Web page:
Moody’s: NYC’s Budget Gap to Triple Due to Labor Settlement

May 12, 2014 4:35 pm Last Updated: May 12, 2014 4:35 pm

NEW YORK—The executive budget released last week by Mayor Bill de Blasio forecasts a budget gap for 2018 that is triple the previous estimates, according to a credit outlook released on Monday by Moody’s Corp., a credit ratings and research company.

Labor costs are the major cause for the widening budget gap. Mayor Bill de Blasio announced a deal with the United Federation of Teachers on May 1. That deal included 4 percent retroactive raises for 2009 and 2010 as well as a 10 percent base wage and salary increase by 2018.

The executive budget includes estimated labor costs for the rest of the unionized workforce patterned after the teachers’ deal. The growth of the resulting budget gap is significant, especially because the city’s total personnel costs make up 55 percent of the budget.

A budget gap occurs when total spending exceeds total revenue.

“The plan is credit negative because it shows how personnel costs drive the city’s budget and challenge its finances, even in a strong economy,” Nick Samuels, a senior credit officer at Moody’s, wrote in the outlook report.

Samuels also pointed out that even though the city expects to settle all of the labor contracts based on the teachers union template, not all unions might agree to the offer.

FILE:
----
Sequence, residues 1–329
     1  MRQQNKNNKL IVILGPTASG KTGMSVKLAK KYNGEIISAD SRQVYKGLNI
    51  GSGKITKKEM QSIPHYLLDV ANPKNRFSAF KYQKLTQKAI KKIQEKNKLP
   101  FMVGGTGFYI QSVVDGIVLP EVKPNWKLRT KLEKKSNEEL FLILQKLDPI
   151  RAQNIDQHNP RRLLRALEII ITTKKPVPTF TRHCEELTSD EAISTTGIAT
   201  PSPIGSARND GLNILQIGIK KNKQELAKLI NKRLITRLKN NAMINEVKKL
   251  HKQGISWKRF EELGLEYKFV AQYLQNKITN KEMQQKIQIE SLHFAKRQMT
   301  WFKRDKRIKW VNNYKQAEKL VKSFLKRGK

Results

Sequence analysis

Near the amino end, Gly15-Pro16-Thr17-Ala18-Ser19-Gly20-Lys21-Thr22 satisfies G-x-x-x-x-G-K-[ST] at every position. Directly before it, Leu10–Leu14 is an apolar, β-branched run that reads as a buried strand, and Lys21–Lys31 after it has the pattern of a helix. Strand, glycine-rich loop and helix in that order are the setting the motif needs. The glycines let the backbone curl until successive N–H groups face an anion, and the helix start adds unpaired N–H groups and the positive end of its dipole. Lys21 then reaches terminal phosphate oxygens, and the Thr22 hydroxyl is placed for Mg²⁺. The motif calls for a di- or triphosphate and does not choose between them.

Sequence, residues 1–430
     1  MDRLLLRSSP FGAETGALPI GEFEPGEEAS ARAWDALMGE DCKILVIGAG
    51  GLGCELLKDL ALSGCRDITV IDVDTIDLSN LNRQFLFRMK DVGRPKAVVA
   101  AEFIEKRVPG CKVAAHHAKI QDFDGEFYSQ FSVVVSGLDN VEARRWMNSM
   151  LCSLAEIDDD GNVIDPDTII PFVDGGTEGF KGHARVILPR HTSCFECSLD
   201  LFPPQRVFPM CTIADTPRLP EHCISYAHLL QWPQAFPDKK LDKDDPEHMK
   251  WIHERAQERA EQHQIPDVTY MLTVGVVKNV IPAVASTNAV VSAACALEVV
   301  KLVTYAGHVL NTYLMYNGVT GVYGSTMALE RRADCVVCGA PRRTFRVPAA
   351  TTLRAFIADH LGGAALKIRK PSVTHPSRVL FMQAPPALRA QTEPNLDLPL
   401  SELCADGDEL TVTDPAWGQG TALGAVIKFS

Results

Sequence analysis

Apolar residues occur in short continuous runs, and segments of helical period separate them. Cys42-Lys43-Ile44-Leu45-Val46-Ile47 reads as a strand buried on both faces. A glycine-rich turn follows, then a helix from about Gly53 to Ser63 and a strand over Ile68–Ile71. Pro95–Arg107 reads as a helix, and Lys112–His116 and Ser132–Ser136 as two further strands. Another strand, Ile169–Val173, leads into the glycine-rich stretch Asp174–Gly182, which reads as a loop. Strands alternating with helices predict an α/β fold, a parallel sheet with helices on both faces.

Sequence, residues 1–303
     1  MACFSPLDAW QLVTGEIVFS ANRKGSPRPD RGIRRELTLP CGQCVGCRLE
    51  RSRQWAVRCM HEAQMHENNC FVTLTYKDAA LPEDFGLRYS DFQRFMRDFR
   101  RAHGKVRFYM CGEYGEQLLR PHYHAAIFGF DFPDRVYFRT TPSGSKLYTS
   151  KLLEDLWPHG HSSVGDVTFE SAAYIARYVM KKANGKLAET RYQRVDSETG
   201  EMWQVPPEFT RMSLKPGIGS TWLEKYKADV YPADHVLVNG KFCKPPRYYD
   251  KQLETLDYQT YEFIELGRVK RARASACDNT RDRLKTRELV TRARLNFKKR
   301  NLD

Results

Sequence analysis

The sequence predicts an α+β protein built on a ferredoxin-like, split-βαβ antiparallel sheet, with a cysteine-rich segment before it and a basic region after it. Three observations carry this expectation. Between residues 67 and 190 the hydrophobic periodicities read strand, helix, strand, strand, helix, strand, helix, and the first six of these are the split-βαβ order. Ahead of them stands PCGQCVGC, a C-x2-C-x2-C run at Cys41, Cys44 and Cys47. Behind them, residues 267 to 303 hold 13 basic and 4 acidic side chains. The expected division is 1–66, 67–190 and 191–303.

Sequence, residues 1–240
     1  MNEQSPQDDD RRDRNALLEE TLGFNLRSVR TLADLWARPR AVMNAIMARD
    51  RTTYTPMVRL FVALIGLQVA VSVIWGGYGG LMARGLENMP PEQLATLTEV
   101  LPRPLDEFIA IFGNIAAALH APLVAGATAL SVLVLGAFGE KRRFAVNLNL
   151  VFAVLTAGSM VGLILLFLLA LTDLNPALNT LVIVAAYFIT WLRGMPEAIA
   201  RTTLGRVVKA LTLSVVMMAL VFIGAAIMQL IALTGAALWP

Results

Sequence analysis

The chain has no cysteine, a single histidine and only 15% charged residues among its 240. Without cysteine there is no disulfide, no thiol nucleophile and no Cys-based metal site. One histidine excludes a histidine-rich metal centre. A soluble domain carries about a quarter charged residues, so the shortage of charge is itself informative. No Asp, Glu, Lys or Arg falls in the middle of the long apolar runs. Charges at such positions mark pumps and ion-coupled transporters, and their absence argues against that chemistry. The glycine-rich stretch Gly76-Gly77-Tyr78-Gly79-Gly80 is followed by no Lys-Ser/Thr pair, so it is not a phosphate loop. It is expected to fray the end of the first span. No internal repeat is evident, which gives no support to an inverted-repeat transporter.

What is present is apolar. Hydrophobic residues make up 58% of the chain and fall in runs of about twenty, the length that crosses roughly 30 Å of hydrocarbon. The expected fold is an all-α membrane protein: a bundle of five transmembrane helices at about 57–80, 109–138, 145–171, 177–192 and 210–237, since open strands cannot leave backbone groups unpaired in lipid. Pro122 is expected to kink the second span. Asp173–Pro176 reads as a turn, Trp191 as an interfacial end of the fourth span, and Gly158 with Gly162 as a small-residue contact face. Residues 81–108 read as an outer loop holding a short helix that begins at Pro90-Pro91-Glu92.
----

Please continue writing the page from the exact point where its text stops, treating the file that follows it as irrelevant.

“If all unions negotiating do not agree to the pattern settlement, the budget gaps and the city’s challenges to close them would intensify,” Samuels wrote.

The budget gap is forecast to double for fiscal years 2016 and 2017.

“There has been no change in the city’s credit rating whatsoever. Moody’s has not issued its credit report on the city,” said Amy Spitalnick, a spokesperson for the mayor’s office.

“In a document unrelated to the City’s formal credit rating process, an analyst at Moody’s pointed out that we added expenses for the contract settlements—just as they also pointed out the prior week that those same settlements eliminated a major risk from the City’s financial plan,” Spitalnick said.